United States: Consumer confidence improves again in January
January 26, 2016
The Conference Board consumer confidence index increased to 98.1 points in January from a revised 96.3 points in December (previously reported: 96.5 points). January’s result beat market expectations of 96.0 points. The confidence index followed a volatile path during 2015. However, January’s increase marks a second straight gain in consumer confidence and there is optimism that consumer spending, the motor of the economy, will strengthen throughout this year.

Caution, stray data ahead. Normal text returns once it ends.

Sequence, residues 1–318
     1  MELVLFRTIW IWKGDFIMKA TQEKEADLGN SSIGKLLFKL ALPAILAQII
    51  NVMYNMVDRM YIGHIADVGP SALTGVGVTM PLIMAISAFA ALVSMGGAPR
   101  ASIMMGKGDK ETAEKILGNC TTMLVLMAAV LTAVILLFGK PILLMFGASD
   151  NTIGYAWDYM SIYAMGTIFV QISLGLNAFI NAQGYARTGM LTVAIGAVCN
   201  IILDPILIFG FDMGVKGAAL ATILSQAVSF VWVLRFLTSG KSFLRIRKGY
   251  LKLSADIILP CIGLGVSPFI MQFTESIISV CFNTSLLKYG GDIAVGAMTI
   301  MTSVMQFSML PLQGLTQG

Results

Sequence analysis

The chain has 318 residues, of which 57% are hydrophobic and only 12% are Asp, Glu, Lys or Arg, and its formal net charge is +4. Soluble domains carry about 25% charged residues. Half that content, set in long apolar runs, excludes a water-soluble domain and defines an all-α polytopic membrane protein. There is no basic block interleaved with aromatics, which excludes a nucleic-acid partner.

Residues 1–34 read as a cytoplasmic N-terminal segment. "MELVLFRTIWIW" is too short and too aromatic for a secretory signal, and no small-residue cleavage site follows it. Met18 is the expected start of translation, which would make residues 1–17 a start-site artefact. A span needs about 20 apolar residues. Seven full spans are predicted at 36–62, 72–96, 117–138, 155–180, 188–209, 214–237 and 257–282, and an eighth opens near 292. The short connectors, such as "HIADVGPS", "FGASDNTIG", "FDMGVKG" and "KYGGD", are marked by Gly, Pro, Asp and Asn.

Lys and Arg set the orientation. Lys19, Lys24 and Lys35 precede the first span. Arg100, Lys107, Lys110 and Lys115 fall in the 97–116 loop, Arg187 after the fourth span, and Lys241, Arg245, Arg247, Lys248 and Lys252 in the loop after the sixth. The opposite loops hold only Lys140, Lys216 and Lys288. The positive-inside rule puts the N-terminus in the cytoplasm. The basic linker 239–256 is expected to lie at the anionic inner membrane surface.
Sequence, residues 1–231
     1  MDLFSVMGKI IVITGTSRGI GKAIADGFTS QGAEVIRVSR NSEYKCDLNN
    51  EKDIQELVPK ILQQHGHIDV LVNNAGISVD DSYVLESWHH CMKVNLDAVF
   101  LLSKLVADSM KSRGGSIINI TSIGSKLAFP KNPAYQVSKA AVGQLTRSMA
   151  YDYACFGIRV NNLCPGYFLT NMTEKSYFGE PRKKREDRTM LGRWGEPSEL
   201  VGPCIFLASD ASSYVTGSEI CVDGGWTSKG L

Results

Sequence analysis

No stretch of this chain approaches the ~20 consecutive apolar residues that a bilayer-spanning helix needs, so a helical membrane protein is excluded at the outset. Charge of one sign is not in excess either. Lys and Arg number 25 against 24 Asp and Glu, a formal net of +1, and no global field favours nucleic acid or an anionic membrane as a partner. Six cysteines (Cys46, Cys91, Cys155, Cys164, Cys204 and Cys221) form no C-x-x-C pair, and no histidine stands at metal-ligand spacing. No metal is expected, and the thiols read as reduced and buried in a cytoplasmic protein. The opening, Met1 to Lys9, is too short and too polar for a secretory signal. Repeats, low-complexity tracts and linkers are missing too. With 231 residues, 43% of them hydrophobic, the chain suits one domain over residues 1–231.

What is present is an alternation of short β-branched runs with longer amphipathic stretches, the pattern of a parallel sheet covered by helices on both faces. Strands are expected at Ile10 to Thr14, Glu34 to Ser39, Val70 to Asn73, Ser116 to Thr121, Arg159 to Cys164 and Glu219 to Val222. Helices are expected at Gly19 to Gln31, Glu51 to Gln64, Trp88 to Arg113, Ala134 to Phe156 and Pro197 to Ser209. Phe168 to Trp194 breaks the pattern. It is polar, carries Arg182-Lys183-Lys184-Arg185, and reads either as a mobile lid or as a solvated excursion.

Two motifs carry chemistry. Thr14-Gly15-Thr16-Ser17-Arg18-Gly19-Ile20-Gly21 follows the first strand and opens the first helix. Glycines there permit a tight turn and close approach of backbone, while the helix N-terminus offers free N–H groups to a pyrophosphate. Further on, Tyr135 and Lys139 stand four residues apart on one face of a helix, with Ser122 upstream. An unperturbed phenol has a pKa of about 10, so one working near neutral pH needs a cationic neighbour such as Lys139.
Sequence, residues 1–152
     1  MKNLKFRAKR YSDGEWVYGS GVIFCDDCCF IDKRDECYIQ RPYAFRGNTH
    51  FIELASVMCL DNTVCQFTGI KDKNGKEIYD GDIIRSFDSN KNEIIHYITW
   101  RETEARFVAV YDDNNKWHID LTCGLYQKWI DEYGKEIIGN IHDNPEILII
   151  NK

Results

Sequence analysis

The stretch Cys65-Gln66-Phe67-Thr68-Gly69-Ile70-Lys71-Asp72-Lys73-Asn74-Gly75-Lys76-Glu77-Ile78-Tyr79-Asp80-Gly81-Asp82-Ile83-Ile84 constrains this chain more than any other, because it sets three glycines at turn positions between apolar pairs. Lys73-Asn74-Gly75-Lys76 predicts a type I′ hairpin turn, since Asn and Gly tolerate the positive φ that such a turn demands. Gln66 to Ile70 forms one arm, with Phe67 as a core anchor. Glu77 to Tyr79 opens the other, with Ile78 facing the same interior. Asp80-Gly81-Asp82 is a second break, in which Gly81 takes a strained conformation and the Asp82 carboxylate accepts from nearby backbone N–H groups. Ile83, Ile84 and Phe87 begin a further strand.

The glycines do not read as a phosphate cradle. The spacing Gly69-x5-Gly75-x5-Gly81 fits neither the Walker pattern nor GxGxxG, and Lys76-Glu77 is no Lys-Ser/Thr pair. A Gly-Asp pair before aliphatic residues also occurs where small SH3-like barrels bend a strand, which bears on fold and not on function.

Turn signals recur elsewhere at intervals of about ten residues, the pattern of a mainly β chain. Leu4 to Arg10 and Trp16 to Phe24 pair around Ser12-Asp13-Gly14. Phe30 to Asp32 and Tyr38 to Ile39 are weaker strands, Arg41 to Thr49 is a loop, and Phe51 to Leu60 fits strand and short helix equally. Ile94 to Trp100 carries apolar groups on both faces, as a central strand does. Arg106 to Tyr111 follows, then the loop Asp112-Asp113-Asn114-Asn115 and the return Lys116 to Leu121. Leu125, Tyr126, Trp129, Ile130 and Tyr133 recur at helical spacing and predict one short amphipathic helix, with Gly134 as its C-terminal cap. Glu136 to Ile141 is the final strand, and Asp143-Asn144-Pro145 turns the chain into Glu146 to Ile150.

January’s increase in confidence was driven by gains in consumers’ expectations on conditions in the next six months. Consumers’ expectations regarding business conditions and employment prospects in the coming months were stronger in December. Sentiment regarding current economic conditions was roughly unchanged.
The director of the Board emphasized that, “consumer confidence improved slightly in January, following an increase in December. Consumers’ assessment of current conditions held steady, while their expectations for the next six months improved moderately. For now, consumers do not foresee the volatility in financial markets as having a negative impact on the economy”
Author: Carl Kelly, Economist